DIY wedding cake-white almond buttercream with strawberries
Let’s roll up our sleeves and get to baking to make this DIY best ever wedding cake. It’s a super delicious white cake with almond buttercream frosting and layers upon layer with fresh strawberries. It can easily be decorated to make it a DIY rustic wedding cake (I’ll show you how I used fresh flowers to decorate the cake), or this cake can be made for any special occasion, because it is so good and all your guests will love it!
Let me tell you guys a little story.
My gorgeous older sister got married in 2012. It was in early June, and it was one of the hottest days on record. In fact, I’m pretty sure it broke heat records that day. She had been really busy with work leading up to her big day, and had planned on a morning wedding at beautiful location. She hadn’t planned anything other than that. It would all be from 10am-11am.
The week of the wedding came, and family and friends were all asking “well, where’s the reception?”
She didn’t have anything planned, but she had a backyard and said “let’s just do a potluck reception in my yard, anyone who wants to come is welcome, and please bring a dish to share.”
I was her maid of honor – and her sister – so I helped bring chairs and tables that we borrowed from friends and family. It was going to be low key and special (it was).
The night before her wedding, at the rehearsal dinner, she turned to me and said “do you think you could make a cake for the reception?”
It was around midnight by the time I got home, and so I set to out baking her a cake. I had never made a layer cake. I had never made a tiered cake. I had never made frosting.
She also had asked for ‘wisps’ with the frosting (insert eye roll), but I thought I’d give it a try!
So I spent until wee hours of the night making her a cake. It was seriously so incredibly delicious. People raved about it, it was gobbled up, and I was proud to have helped.
It was special.
Keep in mind, this was 2012. I was new at blogging, I had been asked for the recipe and just wanted to share with the world how good this cake was, and how I was able to make a diy wedding cake for her, so I shared a post on my newbie blog.
People have made the cake and to this day write me emails telling me how delicious it is and how it made their event special. Other people have shared the picture on pinterest. Of course, of all my posts, the one with the horrible 3am photo of a cake, or the picture of the cake at the potluck (remember how I told you it was record-breaking-hot that year?) where the frosting is slightly melting is the one that gets shared. Those pictures have tens of thousands of repins. It blows my mind. Is it because it’s realistic and relatable? Who knows…
Since 2012, a lot of things have improved- like my photography and recipe direction writing, etc. I redid the pictures when I got my first ‘real’ camera, I created a new post for the sour cream cake with almond buttercream frosting, and….crickets. I even changed the first sentence of the post to read **UPDATE- I remade this exact same cake with better step by step photos** and linked to the post, and nothing…no one clicked over.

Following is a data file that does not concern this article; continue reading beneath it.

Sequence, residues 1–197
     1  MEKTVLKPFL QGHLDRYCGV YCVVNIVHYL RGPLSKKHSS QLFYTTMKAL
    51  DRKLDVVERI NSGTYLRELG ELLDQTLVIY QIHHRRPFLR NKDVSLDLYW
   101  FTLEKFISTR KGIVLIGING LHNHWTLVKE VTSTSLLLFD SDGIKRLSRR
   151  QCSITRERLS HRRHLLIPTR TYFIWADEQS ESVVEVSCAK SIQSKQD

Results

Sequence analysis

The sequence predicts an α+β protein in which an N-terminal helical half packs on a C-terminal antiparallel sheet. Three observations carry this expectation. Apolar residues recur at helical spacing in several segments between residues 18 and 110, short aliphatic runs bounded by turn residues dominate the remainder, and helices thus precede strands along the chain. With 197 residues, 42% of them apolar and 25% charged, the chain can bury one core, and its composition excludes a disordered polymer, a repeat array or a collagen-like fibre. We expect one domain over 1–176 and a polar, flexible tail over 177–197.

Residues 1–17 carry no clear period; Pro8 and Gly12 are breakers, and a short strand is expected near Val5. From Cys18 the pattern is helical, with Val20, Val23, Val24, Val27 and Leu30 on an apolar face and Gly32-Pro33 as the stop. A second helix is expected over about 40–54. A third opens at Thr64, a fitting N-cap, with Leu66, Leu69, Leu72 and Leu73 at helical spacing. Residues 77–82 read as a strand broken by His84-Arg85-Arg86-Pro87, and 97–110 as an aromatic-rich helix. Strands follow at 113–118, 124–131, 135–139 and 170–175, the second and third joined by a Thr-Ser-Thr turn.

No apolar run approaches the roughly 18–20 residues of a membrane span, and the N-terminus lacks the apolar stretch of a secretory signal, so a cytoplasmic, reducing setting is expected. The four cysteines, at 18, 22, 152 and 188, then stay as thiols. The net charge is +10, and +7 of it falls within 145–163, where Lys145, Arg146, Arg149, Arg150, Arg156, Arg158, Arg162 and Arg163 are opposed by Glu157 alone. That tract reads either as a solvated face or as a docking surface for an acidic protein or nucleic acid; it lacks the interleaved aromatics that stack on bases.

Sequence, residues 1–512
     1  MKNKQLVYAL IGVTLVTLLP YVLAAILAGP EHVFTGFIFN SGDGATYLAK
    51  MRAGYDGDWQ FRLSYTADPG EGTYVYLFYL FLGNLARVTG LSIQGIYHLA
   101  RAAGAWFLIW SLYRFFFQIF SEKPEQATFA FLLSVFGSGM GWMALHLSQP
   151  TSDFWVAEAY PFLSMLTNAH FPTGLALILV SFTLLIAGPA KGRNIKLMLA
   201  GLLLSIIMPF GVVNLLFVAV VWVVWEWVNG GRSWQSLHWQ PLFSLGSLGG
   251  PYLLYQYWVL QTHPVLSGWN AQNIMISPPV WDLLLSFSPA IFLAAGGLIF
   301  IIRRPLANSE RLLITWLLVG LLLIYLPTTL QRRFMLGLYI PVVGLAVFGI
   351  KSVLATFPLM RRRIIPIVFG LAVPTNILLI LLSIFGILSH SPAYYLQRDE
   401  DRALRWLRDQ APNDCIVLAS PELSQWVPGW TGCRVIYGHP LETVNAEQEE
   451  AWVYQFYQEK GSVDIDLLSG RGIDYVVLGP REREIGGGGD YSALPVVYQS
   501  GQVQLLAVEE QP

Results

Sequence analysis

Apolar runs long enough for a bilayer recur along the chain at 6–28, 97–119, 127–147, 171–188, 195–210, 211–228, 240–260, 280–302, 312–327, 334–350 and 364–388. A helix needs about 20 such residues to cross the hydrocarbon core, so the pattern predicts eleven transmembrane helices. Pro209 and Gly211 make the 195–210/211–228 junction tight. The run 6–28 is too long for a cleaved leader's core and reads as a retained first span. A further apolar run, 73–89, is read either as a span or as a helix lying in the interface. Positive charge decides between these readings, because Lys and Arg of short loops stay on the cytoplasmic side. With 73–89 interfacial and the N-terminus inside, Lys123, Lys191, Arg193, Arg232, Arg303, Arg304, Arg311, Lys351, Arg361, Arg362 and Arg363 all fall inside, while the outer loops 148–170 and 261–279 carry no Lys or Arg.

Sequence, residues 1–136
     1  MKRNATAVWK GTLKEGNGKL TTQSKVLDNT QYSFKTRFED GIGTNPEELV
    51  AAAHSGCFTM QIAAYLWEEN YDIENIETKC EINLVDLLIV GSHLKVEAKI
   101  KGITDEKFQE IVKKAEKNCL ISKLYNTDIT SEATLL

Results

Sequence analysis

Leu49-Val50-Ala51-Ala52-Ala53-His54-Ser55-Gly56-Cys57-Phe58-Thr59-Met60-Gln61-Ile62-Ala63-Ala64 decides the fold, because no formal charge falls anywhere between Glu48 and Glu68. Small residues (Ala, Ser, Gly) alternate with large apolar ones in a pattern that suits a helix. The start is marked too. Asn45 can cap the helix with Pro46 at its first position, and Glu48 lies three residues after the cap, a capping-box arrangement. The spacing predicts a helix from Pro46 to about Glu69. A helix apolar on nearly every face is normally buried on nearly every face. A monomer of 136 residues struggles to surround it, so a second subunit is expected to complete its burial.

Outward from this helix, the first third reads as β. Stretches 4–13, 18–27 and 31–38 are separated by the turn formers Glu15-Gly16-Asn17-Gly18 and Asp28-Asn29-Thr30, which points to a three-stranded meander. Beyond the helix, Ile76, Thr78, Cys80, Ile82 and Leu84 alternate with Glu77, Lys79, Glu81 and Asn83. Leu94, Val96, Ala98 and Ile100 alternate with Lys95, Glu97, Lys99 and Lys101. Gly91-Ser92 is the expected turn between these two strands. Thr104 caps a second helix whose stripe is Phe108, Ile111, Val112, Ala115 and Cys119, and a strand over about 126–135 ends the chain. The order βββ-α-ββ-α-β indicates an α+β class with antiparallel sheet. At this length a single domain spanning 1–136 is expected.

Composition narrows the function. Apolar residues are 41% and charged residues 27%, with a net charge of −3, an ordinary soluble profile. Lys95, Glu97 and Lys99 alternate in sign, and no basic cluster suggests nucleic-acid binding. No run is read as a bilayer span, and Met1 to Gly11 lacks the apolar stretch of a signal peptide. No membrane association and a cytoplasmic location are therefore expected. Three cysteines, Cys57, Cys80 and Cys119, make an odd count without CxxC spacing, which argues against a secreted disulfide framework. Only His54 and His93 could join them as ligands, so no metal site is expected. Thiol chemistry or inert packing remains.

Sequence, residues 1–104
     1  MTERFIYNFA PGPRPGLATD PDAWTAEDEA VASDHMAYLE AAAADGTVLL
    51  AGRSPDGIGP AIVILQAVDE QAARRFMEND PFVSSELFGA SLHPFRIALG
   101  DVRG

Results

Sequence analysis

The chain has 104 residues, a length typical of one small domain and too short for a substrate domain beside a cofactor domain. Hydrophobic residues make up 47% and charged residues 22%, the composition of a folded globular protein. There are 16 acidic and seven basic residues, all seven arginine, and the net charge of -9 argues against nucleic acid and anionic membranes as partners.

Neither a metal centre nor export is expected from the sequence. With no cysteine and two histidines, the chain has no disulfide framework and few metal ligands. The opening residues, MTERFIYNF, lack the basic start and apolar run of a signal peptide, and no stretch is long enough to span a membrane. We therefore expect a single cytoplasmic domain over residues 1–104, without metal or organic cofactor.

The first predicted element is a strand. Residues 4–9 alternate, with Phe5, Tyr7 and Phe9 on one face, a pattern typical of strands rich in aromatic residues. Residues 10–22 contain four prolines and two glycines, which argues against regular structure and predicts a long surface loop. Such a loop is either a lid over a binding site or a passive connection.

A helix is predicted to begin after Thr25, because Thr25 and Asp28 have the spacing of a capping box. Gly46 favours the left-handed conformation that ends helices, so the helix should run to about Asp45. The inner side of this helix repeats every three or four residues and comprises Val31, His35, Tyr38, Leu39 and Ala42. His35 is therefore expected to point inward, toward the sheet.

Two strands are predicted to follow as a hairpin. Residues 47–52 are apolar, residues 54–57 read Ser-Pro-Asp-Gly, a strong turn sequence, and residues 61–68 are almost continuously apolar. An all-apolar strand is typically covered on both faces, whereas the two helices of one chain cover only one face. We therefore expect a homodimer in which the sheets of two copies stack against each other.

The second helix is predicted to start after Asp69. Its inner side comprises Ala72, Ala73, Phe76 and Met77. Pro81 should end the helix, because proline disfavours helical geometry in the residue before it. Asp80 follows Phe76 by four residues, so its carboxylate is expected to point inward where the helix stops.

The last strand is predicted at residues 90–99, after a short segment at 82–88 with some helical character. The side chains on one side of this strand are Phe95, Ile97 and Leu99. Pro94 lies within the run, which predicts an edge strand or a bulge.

However, the 2012 post? It got some pretty strongly worded emotional comments. People felt the need to tell me how horrible the cake looked, that I should be embarrassed, that they would be ashamed, they even use profanities! This is a cake we’re talking about. Seriously, a cake I made for my older sister, at midnight, for her backyard potluck reception. And that garnered hatred? Mind. Blown.
So, I put on my big girl pants, or apron if we’re being accurate and remade the cake, yet again, with even more updated pictures. I was able to re publish this post as if it were brand spankin’ new, so I hope you enjoy!
The cake is still as delicious as ever, and after having made it multiple multiple times, I can definitely give you some tips and tricks to making a successful diy wedding cake:
- Use springform or cake pans that are 4 inches apart for the tiers so that you can actually tell there is a tier. I used a 10.25 inch pan for the bottom tier and a 6 inch pan for the top tier.
- Make your cake a day ahead of time, then before frosting, freeze your cake layers for 30 minutes (this reduces crumbs).
- Use a really sharp knife to cut the cakes into layers
- Make enough frosting. It’s ok to have too much, but having to make more in the middle of the process sucks. I make a big batch of frosting, reserving a little to make a crumb coat, then after the cake is assembled and has the crumb layer on it and is cooling in the fridge, I make the second batch of frosting.
- If you want your buttercream frosting to be more white – watch this YouTube video on how to make buttercream white, it works
- Pick a flat cake stand that is big enough. Put a piece of parchment or wax paper on the stand before assembling/frosting your cake, that way you can pull the piece of paper out and have a clean cake stand.
- 2 (18.25 ounce) packages white cake mix (see note to make your own cake mix – I like using mixes because it makes it so that there are fewer ingredients)
- 2 cups all-purpose flour
- 2 cups granulated sugar
- 1 teaspoon salt
- 8 egg whites
- 2 cups sour cream
- 2⅔ cups water
- 4 tablespoons vegetable oil
- 2 teaspoons almond extract
- 2 teaspoons vanilla extract
- 1 lb strawberries, finely chopped
- 2 cups strawberry fruit spread jam
- Frosting for inside of cake & crumb coat:
- 1 cup (2 sticks) butter, at room temperature